" And the math teacher said, "Well, Friday we have our computer science club, do you want to talk about it there?" And it was Wednesday. And I was like, "Uh, okay, I'll throw something together. " That's where this talk came from. First I want to show a few slides and talk about just the concepts we're going to go into.
The Mandelbrot set, the reason it's fascinating, is because there are a few simple rules that we're going to talk about to generate it. But it generates infinite complexity. If you saw that video that was playing as you walked in, you can keep zooming, and zooming, and zooming, and there is never a bottom.
There's a top, which is this, and we'll talk about where that comes from. But as we zoom in, you see just more and more rich detail. And you see the same shapes reappear in mixed up ways. Like you see this thing this is called the Mandelbrot Beetle that shape up top, or the Bulb.
The various parts of the diagrams have names we'll go over. And as you zoom in, you just find these shapes all over and over. I mean, we're looking at something, well you'll understand what we're looking at in a minute. But this is the notion of self-similarity, and this is the fractal geometry of nature.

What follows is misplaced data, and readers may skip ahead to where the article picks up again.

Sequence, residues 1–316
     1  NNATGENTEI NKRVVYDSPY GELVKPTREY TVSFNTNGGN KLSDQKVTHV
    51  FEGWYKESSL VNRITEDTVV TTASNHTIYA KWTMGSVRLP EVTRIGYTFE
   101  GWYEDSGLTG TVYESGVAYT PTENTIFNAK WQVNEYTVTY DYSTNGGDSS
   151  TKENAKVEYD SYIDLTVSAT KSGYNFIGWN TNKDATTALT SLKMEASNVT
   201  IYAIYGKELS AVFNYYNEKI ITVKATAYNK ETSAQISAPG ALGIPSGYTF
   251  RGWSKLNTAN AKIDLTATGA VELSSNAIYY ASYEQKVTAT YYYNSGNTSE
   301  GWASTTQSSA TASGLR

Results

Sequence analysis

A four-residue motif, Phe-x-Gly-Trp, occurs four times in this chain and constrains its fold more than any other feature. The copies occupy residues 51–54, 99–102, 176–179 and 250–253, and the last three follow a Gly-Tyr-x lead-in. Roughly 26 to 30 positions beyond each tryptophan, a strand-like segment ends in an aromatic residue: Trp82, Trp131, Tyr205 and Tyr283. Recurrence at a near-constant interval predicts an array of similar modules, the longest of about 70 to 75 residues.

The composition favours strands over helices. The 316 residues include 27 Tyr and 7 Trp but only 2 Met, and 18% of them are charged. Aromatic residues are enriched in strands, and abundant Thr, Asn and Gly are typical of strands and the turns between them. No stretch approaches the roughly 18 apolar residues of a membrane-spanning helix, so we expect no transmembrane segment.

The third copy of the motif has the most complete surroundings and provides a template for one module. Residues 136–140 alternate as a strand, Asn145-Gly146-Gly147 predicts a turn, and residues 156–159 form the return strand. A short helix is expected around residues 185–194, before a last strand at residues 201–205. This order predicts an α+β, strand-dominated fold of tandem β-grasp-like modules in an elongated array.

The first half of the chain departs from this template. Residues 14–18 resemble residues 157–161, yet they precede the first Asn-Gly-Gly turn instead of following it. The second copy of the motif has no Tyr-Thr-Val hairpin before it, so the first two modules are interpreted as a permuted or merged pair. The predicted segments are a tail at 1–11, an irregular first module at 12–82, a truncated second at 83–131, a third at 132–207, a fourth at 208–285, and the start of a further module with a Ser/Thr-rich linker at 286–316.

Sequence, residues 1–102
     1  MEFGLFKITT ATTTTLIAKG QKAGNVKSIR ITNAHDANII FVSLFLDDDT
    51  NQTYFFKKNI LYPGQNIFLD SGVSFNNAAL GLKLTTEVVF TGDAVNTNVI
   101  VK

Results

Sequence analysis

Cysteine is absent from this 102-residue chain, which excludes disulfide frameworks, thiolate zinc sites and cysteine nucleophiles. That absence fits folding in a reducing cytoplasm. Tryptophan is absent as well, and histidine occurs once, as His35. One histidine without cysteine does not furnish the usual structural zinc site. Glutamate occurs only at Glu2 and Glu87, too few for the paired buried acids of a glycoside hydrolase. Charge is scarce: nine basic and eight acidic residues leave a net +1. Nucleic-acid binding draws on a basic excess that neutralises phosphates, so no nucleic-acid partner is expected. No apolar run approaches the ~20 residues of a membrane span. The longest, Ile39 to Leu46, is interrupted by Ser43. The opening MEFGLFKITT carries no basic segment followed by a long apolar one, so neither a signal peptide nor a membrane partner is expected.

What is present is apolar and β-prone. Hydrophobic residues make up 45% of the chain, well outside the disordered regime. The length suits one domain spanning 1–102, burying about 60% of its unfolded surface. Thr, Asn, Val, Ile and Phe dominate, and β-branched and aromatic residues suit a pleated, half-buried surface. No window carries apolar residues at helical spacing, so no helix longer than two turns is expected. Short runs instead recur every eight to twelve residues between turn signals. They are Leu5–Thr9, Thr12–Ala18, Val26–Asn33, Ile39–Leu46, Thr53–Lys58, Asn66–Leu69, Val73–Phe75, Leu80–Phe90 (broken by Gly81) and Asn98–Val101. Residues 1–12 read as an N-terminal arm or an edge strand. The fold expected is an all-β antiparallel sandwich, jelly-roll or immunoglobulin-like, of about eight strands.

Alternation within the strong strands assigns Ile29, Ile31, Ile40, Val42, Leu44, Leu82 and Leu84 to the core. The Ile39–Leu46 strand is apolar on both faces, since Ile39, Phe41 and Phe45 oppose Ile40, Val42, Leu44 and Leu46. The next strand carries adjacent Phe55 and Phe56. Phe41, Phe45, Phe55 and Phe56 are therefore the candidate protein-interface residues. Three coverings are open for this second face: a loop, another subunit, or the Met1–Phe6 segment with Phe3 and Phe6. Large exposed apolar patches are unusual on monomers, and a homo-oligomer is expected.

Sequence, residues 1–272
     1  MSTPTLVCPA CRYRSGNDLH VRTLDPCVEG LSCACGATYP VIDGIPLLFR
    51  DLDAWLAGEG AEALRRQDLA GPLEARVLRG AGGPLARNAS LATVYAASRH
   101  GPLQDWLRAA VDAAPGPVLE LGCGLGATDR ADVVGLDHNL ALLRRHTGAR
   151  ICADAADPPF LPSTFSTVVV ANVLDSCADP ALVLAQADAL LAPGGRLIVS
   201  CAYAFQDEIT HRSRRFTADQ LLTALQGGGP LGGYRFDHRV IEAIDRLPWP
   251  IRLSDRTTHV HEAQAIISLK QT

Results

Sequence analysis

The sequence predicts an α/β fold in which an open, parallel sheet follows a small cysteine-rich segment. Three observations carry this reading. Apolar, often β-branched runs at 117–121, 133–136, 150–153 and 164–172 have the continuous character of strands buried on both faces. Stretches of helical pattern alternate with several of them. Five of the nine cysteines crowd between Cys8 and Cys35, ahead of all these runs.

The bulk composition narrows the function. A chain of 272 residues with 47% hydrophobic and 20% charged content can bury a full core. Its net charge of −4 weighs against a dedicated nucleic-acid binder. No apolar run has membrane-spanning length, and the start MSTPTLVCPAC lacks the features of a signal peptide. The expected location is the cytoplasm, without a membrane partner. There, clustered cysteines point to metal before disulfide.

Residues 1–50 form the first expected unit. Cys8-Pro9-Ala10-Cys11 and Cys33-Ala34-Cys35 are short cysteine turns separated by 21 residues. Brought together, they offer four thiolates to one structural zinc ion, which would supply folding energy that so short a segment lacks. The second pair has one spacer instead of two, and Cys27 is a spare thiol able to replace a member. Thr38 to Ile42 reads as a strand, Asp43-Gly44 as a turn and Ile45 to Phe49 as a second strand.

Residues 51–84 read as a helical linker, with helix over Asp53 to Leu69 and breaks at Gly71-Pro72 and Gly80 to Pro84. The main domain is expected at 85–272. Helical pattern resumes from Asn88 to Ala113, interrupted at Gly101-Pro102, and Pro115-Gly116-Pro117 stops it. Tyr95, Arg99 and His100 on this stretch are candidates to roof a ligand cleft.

If you look at something like a galaxy, right? That has a lot in common, even though it's completely different forces at work, to create a hurricane. And again, looks very similar but completely different forces at work to create the foam in the top of our latte.
It's the fractal geometry of nature controls how plants grow, controls how the shape of broccoli happens to look a little bit like your lungs and the way it branches out. All that stuff is the fractal geometry of nature. There are three, three concepts I want to talk about.
One is trending, from zero to infinity. The other's imaginary numbers. And the other is mapping to a plane. So let's talk about trending, 2*2, what's that? Okay. Multiply it again, what's that? Eight. We keep doing that over and over, we trend towards infinity.